Great point (would have added it myself except saw you pointed it out earlier). This is in exact analogy to electromagnetism. If you have a charged particle moving at constant velocity and fully calculate the effects of the electromagnetism propagating at the speed of light, at any given instant the electric field points away from its instantaneous position (that is where it currently is) -- not its retarded position (where it was last seen). (Granted if the particle is accelerating significantly than the effects of the acceleration will emanate from its retarded position).

A charge moving with a constant velocity must appear to a distant observer in exactly the same way as a static charge appears to a moving observer, and in the latter case, the direction of the static field must change instantaneously, with no time-delay. Thus, static fields (the first term) point exactly at the true instantaneous (non-retarded) position of the charged object if its velocity has not changed over the retarded time delay. This is true over any distance separating objects.

If the sun suddenly disappeared, how long would humans be able to live without it?

At least nine minutes. After that the earth would go hurtling through the void no longer held in orbit by the sun. Complete loss of solar input means a drastic upset to the Earth's energy budget.

Since the seasons take less than a few months to change the cooling would be rapid. Those people with access to reliable energy stores like nuclear reactors would survive longer but eventually a massive ice age would ensue. That would take a lot longer but such models assume the sun's constant energy input.

For sure it would suck and billions would probably die within days to weeks.

Edit: since it keeps getting asked: /NO there would be no practical change in the Earth's gravity/. The sun is pulling so gently on you it would be impossible to notice the shift without sensitive instruments.

It's still really, really, hugely, far away

Same reason, it will stay almost exactly where it is now.

What if we move the earth away from the sun matching those 9 minutes to keep up with the light?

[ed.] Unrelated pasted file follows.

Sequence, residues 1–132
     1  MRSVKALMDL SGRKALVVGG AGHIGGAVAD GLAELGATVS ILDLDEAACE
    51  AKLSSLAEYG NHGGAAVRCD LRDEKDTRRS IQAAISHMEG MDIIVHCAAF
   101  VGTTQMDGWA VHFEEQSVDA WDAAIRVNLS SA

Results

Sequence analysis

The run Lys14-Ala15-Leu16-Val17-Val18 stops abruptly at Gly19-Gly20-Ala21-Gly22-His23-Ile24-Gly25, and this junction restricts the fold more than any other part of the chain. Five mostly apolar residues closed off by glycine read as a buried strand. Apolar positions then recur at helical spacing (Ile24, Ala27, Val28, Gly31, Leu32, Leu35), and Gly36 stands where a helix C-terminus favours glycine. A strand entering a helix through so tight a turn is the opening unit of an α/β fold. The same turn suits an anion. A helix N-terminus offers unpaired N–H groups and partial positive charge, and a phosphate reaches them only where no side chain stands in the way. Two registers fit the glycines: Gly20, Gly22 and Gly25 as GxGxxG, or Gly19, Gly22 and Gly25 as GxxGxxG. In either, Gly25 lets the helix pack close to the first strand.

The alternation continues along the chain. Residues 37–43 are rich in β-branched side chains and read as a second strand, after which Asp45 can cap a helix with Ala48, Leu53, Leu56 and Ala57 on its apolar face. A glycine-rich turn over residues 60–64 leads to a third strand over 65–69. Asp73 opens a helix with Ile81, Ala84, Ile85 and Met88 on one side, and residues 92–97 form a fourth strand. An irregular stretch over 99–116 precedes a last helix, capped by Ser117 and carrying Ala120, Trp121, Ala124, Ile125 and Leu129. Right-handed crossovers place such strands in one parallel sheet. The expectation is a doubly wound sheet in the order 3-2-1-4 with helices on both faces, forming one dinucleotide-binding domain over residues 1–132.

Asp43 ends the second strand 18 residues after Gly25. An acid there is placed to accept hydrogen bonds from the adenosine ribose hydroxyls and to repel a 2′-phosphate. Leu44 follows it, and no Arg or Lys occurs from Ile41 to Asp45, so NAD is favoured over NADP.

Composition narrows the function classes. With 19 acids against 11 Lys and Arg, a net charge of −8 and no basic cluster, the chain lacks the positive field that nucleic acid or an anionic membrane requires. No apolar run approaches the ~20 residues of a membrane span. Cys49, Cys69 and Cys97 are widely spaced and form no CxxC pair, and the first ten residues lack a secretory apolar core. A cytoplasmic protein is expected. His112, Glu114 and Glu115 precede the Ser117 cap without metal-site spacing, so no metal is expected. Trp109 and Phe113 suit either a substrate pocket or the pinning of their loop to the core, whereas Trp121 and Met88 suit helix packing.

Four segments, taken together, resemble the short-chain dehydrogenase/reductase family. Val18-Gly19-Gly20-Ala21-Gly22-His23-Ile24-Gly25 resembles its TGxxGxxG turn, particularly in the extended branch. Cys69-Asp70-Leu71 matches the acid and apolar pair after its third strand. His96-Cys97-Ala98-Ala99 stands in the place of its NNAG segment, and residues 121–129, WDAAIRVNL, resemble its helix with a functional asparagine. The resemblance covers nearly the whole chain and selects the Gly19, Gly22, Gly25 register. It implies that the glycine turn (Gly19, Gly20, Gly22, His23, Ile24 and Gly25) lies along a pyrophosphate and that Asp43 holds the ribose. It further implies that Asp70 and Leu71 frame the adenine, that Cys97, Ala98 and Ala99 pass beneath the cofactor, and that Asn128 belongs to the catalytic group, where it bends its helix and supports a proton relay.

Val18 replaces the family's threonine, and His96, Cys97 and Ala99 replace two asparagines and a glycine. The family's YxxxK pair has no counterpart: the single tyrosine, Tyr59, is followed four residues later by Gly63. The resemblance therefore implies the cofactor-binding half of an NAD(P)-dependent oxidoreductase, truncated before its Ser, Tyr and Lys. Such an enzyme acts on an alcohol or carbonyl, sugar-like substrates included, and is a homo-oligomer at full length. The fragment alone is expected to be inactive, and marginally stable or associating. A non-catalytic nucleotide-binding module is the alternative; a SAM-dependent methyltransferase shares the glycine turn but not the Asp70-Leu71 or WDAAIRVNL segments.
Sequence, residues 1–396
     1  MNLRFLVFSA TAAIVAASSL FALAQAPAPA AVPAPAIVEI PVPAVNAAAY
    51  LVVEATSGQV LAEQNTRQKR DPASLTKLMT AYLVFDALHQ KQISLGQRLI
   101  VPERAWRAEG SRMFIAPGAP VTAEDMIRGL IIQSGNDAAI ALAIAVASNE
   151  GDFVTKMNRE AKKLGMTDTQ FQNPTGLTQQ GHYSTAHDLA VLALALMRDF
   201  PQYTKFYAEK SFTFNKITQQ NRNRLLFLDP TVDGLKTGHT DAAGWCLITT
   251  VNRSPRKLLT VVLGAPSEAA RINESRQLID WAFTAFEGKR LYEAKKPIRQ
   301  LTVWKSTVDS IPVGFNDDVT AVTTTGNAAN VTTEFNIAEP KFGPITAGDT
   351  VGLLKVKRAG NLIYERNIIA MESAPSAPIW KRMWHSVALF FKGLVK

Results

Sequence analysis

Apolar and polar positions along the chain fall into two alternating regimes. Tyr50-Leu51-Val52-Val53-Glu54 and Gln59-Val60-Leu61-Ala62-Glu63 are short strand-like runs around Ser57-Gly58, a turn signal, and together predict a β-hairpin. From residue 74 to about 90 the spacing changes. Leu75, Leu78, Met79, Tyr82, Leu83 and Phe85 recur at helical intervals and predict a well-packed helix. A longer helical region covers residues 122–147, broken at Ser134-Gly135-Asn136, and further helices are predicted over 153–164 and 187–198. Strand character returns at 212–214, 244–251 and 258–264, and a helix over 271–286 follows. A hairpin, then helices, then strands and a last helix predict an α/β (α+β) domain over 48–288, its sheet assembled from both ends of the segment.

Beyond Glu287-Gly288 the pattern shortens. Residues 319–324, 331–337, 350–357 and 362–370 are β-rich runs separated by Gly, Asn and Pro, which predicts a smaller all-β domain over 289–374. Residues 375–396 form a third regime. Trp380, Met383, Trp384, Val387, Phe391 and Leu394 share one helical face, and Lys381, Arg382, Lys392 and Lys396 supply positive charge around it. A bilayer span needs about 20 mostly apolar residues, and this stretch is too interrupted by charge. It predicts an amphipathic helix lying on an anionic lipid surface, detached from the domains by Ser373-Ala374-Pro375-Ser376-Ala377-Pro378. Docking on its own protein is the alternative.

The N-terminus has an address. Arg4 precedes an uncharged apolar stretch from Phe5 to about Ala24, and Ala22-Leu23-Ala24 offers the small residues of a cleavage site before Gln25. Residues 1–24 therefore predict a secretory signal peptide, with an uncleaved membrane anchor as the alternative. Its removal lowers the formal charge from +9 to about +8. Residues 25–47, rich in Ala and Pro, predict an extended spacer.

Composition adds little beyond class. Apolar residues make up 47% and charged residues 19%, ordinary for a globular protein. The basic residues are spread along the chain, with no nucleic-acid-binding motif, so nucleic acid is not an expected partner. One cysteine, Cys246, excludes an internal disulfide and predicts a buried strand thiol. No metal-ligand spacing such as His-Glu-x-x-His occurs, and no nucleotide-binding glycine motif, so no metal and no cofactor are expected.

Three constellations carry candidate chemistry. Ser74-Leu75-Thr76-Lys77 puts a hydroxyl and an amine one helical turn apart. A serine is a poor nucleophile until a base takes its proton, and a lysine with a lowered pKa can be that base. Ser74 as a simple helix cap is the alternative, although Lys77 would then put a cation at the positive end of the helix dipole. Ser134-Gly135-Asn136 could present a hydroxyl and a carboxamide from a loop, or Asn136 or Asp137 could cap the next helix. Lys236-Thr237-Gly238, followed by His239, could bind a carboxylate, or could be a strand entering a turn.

That would mean we're moving the earth at faster than the speed of light.

What if we move the earth at the speed of light?

Weɽ both be moving into our own shadow, and even if zig-zagging around the light would get dimmer and dimmer leading to icy death, just slightly slower (as in adding hours not weeks or months).

What would happen to you if gravity stopped working?

Gravity, in the form of gravitational waves, is on a lot of people's minds at the moment.

We have all experienced the force of gravity. It is what happens to you when you jump up into the air. Disappointingly for anyone with ambitions to be Supergirl or Superman, we tend to fall right back down to the ground.

But what if we could switch gravity off?

Physics is adamant that this could never actually happen. But that has not stopped people exploring the idea. Here, based on the collective wisdom of several experts, is our best guess at what would happen to you if gravity suddenly vanished.

Jay Buckey, a physician and one-time NASA astronaut, explored how the absence of gravity affects the human body in a short Ted-Ed lecture.

Wounds take longer to heal and the immune system loses its strength

Buckey says that our bodies are adapted to an Earth-like gravitational environment. If we spend time living where gravity is different, such as on board a space station, our bodies change.

It is now an established fact that astronauts lose bone mass and muscle strength during stints in space, and their sense of balance changes.